The WHO, USDA, and FDA limit pesticide levels based on past studies of long-term human health and exposure. There are possible negative health effects, but this shouldn’t stop you from enjoying the health benefits of treated foods.

Many people worry about pesticides in foods.

Pesticides are used to reduce damage to crops from weeds, rodents, insects, and germs, which increases the yield of fruits, vegetables, and other crops.

This article focuses on pesticide residues, or the pesticides found on the surface of fruits and vegetables when they are purchased as groceries.

It explores the most common types of pesticides used in modern farming and whether their residues affect human health.

In the broadest sense, pesticides are chemicals used to control any organism that might invade or damage crops, food stores, or homes.

Because there are many kinds of potential pests, there are several kinds of pesticides. The following are some examples:

  • Insecticides. These pesticides reduce destruction and contamination of growing and harvested crops by insects and their eggs.
  • Herbicides. Also known as weed killers, herbicides improve crop yields.
  • Rodenticides. These are important for controlling destruction and contamination of crops by vermin and rodent-borne diseases.
  • Fungicides. This type of pesticide is especially important for protecting harvested crops and seeds from fungal rot.

For many years, the use of pesticides was largely unregulated. However, the impact pesticides have on the environment and human health has been under greater scrutiny since the publication of “Silent Spring” by Rachel Carson in 1962.

The ideal pesticide would destroy its target pest without causing any negative effects to humans, non-target plants, animals, and the environment. However, pesticides are not perfect, and their use can have health and environmental effects.


Pesticides aim to destroy pests without negatively affecting humans and the environment. Pesticides have gotten better over time, but none are perfect at providing pest control without side effects.

Pesticides may be synthetic, meaning they’re created in industrial labs, or organic.

Organic pesticides, or biopesticides, are naturally occurring chemicals, but they may be reproduced in labs for use in organic farming.

Synthetic pesticides

Synthetic pesticides are designed to:

  • be stable
  • have a good shelf life
  • be easy to distribute

They are also designed to be effective at targeting pests and to have low toxicity to non-target animals and the environment.

Classes of synthetic pesticides include the following (1):

  • Organophosphates. These are insecticides that target the nervous system. Several of them have been banned or restricted due to toxic accidental exposures.
  • Carbamates. This type of insecticide affects the nervous system similarly to organophosphates but is less toxic, as the effects wear off more quickly.
  • Pyrethroids. These affect the nervous system and are a laboratory-produced version of a natural pesticide that’s found in chrysanthemums.
  • Organochlorines. These insecticides, which include dichlorodiphenyltrichloroethane (DDT), have been largely banned or restricted due to negative effects on the environment.
  • Neonicotinoids. This type of insecticide is used on leaves and trees and is currently under scrutiny by the Environmental Protection Agency (EPA) for reports of unintended harm to bees.
  • Glyphosate. Also known as a product called Roundup, this herbicide has become important in farming genetically modified crops.

Organic or biopesticides

Organic farming makes use of biopesticides, or naturally occurring pesticide chemicals that have evolved in plants.

There are too many types to outline here, but the EPA has published a list of registered biopesticides.

Also, the U.S. Department of Agriculture maintains a national list of approved synthetic and restricted organic pesticides.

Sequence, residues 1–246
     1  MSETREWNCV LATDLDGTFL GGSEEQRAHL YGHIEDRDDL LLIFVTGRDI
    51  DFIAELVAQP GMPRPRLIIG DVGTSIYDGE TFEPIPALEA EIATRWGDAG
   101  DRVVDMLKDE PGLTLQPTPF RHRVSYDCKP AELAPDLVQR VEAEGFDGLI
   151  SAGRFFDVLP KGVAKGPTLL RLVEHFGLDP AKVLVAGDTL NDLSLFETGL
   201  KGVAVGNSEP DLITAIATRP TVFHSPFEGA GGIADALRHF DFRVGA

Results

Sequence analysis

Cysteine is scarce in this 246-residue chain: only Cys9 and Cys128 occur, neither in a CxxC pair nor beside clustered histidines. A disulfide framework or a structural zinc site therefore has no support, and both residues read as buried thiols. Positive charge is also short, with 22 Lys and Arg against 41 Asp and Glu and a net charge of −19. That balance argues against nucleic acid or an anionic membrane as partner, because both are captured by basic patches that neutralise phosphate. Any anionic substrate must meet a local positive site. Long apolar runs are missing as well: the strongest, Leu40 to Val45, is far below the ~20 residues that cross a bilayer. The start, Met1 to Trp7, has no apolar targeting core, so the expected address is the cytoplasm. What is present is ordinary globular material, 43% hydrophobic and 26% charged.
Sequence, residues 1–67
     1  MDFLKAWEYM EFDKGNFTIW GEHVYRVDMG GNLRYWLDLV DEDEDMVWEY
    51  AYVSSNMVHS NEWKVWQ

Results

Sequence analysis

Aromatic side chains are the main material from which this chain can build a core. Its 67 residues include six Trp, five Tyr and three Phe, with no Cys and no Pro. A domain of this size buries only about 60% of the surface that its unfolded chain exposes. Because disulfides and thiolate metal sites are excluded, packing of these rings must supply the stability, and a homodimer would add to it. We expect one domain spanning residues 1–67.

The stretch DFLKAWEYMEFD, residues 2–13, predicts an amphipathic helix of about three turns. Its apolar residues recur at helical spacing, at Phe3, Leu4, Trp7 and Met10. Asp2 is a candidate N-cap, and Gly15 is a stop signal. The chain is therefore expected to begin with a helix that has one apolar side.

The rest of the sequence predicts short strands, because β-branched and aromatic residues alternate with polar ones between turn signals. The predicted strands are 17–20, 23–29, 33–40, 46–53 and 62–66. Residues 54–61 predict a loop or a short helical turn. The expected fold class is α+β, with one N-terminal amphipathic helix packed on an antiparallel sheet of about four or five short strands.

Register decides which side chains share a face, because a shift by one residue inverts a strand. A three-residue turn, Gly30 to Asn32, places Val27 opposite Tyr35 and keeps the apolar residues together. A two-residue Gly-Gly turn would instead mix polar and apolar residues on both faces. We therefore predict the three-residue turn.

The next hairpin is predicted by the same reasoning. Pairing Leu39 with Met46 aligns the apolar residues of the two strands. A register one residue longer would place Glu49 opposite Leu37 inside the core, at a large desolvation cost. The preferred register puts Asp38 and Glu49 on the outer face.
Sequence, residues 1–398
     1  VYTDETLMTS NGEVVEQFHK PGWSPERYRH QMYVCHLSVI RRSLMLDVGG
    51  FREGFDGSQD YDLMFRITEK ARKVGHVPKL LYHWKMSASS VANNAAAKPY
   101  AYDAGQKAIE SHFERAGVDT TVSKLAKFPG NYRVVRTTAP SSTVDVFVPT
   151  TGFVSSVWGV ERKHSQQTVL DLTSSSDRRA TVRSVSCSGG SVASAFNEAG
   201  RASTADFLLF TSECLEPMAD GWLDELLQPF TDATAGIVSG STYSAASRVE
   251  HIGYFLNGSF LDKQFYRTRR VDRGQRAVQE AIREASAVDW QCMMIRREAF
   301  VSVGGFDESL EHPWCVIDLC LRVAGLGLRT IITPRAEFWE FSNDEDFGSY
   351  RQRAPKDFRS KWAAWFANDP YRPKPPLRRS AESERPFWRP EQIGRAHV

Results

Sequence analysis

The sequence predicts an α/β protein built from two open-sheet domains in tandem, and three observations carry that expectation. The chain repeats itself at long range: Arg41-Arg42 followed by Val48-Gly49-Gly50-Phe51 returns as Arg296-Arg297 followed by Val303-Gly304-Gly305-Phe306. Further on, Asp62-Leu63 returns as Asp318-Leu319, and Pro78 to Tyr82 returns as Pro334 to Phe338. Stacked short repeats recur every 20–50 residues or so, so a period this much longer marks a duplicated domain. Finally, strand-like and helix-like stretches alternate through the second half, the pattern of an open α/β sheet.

Here are a few examples of important organic pesticides:

  • Rotenone. This is an insecticide used in combination with other organic pesticides. It’s naturally produced as a beetle deterrent by several tropical plants and is notoriously toxic to fish.
  • Copper sulfate. This pesticide destroys fungi and some weeds. Although it’s classified as a biopesticide, it’s industrially produced and can be toxic to humans and the environment at high levels.
  • Horticultural oils. This refers to oil extracts from various plants with anti-insect effects. These differ in their ingredients and potential side effects. Some can harm beneficial insects like bees (2).
  • Bt toxin. Produced by bacteria and effective against several kinds of insects, Bt toxin has been introduced into some types of genetically modified organism (GMO) crops.

This list is not comprehensive, but it illustrates two important concepts.

First, “organic” does not mean “pesticide-free.” Rather, it refers to specialized kinds of pesticides that occur in nature and are used instead of synthetic pesticides.

Second, “natural” does not mean “non-toxic.” Like synthetic pesticides, organic pesticides can also be harmful to your health and the environment.


Synthetic pesticides are created in labs. Organic or biopesticides are created in nature but may be reproduced in labs. Although natural, these are not always safe for humans or the environment.

Multiple kinds of studies are used to understand what levels of pesticides are harmful.

Some examples include measuring levels in people who were accidentally exposed to too much pesticide, animal testing, and studying the long-term health of people who use pesticides in their jobs.

This information is combined to create limits for safe exposures.

For example, the lowest dose of a pesticide causing even the most subtle symptom is called the “lowest observed adverse effect level,” or LOAEL. The term “no observed adverse effect level,” or NOAEL, is also sometimes used (3).

Organizations like the World Health Organization, European Food Safety Authority, U.S. Department of Agriculture, and Food and Drug Administration use this information to create a threshold for exposure that is considered safe.

To do this, they add an extra cushion of safety by setting thresholds 100–1,000 times lower than the LOAEL or NOAEL (3).


Several regulatory organizations establish safety limits for pesticides in the food supply. These limits are very conservative, restricting pesticides to many times lower than the lowest dose known to cause harm.